A second drill broke through early yesterday to a mine shaft where officials hope to find six workers who were trapped when the mine collapsed, authorities said.
The hole cleared the way for a video camera to be lowered in an effort to provide the first answers to the miners' fate.
Nearly 23cm wide, the hole reached the mine shaft between 2am and 3am, said Bob Murray, chief of mine co-owner Murray Energy Corp. Crews were removing the heavy drill steel and planned to send down the camera within a few hours.
There has been no word from the miners since the Crandall Canyon mine collapsed early on Monday. A microphone lowered into a smaller hole yielded no sounds of life and an air sample taken through the 5cm hole detected little oxygen.
However, officials remained hopeful that the six men trapped in the mine were still alive.
"It's always been a rescue mission," Murray said after announcing the second drill hole was finished. "It's coming all out in accordance with our plans, but it's just too slow."
Murray planned to meet with the miners' families before providing more details. The first images from the camera were not expected until late yesterday morning.
Rescuers hoped to see anything positive after days of feverish work and no signs that the miners were alive. The first drill hole provided only disappointment when the microphone picked up no sounds and the air sample results were well below breathable.
There was no sign of carbon dioxide to indicate that people below were exhaling. But mine officials kept up hope, saying the miners may have fled to a nearby 300m-long exit tunnel that could have more oxygen.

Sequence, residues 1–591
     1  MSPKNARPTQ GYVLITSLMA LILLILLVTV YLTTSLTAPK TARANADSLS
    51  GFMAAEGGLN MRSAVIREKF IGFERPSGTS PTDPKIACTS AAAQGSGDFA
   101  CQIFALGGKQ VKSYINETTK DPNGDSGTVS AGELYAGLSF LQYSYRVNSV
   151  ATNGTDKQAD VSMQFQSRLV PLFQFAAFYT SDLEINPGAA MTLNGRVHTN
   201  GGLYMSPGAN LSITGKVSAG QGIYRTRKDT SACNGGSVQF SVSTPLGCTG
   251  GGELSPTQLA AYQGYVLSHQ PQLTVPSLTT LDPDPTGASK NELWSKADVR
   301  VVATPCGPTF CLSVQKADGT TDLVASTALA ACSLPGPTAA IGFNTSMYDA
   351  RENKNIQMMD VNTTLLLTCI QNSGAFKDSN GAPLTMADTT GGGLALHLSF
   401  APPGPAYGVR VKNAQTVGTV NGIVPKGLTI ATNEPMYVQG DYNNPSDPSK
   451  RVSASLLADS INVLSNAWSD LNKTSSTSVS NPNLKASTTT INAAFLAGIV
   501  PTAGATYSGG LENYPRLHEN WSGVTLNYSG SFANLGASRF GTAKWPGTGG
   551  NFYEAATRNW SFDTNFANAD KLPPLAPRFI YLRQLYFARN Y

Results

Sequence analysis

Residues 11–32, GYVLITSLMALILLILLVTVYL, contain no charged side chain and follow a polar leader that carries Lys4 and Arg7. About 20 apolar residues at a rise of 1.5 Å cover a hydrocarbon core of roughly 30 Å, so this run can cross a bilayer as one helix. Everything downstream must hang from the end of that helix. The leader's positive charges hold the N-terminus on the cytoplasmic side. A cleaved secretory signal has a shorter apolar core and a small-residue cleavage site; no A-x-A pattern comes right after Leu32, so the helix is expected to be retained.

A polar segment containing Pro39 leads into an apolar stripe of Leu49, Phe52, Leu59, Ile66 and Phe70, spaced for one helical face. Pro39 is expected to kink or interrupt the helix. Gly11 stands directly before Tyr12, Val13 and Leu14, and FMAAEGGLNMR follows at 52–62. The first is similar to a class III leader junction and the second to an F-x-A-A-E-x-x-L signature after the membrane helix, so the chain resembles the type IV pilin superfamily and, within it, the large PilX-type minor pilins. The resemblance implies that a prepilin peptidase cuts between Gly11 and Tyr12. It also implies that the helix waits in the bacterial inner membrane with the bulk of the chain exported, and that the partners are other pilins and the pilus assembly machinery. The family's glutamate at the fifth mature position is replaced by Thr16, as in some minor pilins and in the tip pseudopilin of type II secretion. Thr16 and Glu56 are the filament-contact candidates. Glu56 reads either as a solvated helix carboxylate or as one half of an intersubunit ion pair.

Rescuers planned to lower through the second hole audio and visual equipment that could pick up signs of life. The 575m hole would also be big enough to send down food and water, officials said.
Crews also continued their tireless horizontal dig toward the miners, struggling to remove the rubble from the mine shaft. It could take another week to actually reach the men and bring them out.
The mother of missing miner Don Erickson refused to be discouraged.
"We keep getting these other bits and pieces that are encouraging, so we're going to hold onto that for now," said the 69-year-old woman, who asked that her name not be used because she did not want to receive calls.
Around Huntington, a rugged town of around 2,000, the men's plight evoked a similar, understated reaction, reflecting perhaps the stoicism of a community well-acquainted with the risks of digging coal deep below the earth's surface.
That changed somewhat on Friday night, when some 300 people attended a candlelight vigil honoring the workers.
Outside the Huntington elementary school, residents left well-wishing notes on poster boards bearing large pictures of the miners.
The mining company has not identified the miners, but the Associated Press has learned they are a crew of veterans and novices. According to family and friends, they are: Carlos Payan, in his 20s; Kerry Allred, 57; Manuel Sanchez, 41; Brandon Phillips, 24; Luis Hernandez, 23; and Erickson, 50.